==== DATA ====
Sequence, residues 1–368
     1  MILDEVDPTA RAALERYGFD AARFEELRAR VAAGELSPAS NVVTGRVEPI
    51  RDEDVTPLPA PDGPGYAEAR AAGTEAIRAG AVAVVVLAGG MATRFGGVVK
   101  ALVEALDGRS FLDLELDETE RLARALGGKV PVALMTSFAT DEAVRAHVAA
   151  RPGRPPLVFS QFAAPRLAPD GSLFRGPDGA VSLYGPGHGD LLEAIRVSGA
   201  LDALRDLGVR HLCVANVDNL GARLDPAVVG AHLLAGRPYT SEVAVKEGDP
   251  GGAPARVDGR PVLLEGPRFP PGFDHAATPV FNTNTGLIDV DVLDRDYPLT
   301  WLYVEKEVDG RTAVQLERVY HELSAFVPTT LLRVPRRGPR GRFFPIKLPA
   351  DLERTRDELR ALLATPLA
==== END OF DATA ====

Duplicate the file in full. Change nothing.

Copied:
Sequence, residues 1–368
     1  MILDEVDPTA RAALERYGFD AARFEELRAR VAAGELSPAS NVVTGRVEPI
    51  RDEDVTPLPA PDGPGYAEAR AAGTEAIRAG AVAVVVLAGG MATRFGGVVK
   101  ALVEALDGRS FLDLELDETE RLARALGGKV PVALMTSFAT DEAVRAHVAA
   151  RPGRPPLVFS QFAAPRLAPD GSLFRGPDGA VSLYGPGHGD LLEAIRVSGA
   201  LDALRDLGVR HLCVANVDNL GARLDPAVVG AHLLAGRPYT SEVAVKEGDP
   251  GGAPARVDGR PVLLEGPRFP PGFDHAATPV FNTNTGLIDV DVLDRDYPLT
   301  WLYVEKEVDG RTAVQLERVY HELSAFVPTT LLRVPRRGPR GRFFPIKLPA
   351  DLERTRDELR ALLATPLA